This glider in housed in a museum at St. Mere Eglise, the first village liberated by the US forces.

This glider in housed in a museum at St. Mere Eglise, the first village liberated by the US forces.

Thoughts return to that day in 1944 when President Eisenhower and his planners decided to pull the trigger on the largest military invasion in the history of the world. In order to crack Hitler’s ‘Atlantic Wall’, it was decided that the US would release large gliders that would silently penetrate into the French interior at Normandy. These gliders would scatter thousands of paratroopers that would land in the pre-dawn hours of June 6. The plan to reunite soldiers (101st Airborne and the 82nd Airborne) with their outfit was made possible with small, handheld ‘clickers’ that each paratrooper would use as he approached unknown personnel in the dark. If there was a reply with the same clicking sounds, the soldier knew that he was in friendly company. Some of the gliders had jeeps in them that military planners hoped could be used by the Airborne forces. Often, the gliders would more-or-less crash land in open fields with the contents of the aircraft rendered unusable. The Third Reich knew that the Allied forces were planning an invasion…they just didn’t know when and where. The great Erwin Rommel was in charge of fortifying the ‘Atlantic Wall’ as it were, and one of the things he did was to bury posts upright in the open fields in the interior. Somehow he devised that the Allies would try to land aircraft in these open fields during an invasion. These posts scattered about in the fields were called ‘Rommel’s Asparagas’ as you can imagine what these looked like from the air.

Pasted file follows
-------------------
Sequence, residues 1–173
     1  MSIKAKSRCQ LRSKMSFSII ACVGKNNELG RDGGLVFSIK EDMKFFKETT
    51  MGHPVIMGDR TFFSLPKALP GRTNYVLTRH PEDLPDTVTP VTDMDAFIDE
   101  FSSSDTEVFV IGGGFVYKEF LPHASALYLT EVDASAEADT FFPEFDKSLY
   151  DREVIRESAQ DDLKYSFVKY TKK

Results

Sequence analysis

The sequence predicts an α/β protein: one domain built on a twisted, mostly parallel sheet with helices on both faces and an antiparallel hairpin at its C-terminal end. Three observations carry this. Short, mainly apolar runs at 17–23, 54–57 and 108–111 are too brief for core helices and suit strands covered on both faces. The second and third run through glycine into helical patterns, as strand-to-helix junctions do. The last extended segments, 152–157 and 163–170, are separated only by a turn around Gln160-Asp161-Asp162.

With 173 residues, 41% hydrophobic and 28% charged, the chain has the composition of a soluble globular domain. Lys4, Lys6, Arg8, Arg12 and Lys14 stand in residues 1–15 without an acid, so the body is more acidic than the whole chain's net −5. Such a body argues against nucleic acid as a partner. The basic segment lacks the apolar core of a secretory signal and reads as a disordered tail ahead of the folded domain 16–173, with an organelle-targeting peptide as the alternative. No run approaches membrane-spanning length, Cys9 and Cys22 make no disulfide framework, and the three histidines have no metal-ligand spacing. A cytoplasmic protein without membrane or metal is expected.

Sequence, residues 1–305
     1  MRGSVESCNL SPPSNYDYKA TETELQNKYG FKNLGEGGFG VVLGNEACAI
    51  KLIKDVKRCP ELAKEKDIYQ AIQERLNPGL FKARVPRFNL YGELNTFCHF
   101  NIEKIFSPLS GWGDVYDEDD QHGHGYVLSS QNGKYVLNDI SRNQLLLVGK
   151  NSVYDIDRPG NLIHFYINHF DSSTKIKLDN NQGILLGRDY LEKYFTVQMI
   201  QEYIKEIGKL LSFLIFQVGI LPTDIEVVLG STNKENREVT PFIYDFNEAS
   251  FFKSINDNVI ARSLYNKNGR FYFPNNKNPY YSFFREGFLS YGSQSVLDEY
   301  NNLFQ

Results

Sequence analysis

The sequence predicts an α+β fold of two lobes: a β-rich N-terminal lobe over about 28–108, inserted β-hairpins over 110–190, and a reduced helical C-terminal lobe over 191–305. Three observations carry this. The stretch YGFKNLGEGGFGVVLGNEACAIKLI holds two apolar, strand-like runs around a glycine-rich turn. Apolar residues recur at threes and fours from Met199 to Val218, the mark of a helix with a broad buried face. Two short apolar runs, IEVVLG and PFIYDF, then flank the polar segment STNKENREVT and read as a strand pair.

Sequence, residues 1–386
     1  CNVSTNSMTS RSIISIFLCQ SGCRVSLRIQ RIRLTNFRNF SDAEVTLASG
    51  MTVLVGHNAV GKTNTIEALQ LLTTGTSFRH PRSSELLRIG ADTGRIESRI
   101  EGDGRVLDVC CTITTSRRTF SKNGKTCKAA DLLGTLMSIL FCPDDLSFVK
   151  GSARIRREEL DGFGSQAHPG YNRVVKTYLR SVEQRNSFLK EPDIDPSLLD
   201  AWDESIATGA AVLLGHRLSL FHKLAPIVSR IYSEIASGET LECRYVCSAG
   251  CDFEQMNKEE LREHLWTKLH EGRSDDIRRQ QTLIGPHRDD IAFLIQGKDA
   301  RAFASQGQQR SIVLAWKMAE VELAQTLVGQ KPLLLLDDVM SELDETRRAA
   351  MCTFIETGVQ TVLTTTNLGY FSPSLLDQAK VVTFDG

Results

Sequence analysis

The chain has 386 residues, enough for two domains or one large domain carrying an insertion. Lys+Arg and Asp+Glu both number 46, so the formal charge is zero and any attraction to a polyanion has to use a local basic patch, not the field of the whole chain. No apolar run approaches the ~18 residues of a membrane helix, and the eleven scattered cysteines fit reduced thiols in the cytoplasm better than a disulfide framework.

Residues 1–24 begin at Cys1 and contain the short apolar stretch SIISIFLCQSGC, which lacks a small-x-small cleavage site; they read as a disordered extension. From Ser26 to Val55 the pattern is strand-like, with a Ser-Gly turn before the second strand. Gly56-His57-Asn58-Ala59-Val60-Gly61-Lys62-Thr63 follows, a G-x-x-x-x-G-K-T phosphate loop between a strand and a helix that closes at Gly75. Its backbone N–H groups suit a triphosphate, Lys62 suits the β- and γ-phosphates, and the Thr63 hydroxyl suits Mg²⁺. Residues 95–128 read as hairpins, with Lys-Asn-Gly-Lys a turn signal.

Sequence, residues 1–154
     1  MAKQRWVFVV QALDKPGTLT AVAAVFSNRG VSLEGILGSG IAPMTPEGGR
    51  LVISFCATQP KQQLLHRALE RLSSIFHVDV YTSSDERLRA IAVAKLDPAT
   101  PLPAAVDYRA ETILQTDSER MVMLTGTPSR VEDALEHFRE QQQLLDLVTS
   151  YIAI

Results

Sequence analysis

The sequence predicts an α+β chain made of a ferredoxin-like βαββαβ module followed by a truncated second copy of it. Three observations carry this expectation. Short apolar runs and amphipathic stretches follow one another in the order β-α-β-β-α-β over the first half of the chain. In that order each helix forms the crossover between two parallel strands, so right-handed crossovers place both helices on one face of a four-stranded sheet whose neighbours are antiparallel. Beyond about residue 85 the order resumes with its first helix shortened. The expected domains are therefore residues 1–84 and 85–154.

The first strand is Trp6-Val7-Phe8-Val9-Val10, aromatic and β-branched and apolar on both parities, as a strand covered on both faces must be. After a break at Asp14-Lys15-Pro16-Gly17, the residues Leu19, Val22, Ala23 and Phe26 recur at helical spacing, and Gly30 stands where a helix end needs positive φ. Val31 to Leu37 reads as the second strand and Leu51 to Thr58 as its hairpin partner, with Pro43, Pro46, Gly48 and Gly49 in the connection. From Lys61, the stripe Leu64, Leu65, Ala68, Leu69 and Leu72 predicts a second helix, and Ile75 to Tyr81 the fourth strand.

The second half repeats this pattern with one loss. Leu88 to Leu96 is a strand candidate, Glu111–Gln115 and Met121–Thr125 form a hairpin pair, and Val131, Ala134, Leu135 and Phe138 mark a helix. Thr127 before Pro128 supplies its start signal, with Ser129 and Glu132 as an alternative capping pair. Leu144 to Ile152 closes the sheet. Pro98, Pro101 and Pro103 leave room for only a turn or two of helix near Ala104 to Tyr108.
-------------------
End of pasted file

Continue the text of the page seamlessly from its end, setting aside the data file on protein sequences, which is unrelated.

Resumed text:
Private John Steele, a member of the 82nd Airborne drifted into St. Mere Eglise where his parachute became entangled in the spires of the church. He survived the ordeal and went on to fight. To this day, there is a manikin and a parachute hanging from the church to commemorate the event.

Private John Steele, a member of the 82nd Airborne drifted into St. Mere Eglise where his parachute became entangled in the spires of the church. He survived the ordeal and went on to fight. To this day, there is a manikin and a parachute hanging from the church to commemorate the event.

I think often of the courage of those young airborne soldiers jumping out into the darkness over Normandy. Very few of these men had ever fought in battle before and had little knowledge of what to expect as they bailed out into the unknown. Many were gunned down before they landed, and many landed in deep water in the coastal marshes and swamps of Normandy with 100 pounds of gear. But many survived, were reunited with their outfit, and continued their sweep to Berlin, liberating towns as they went. What remarkable, true heroes they were!

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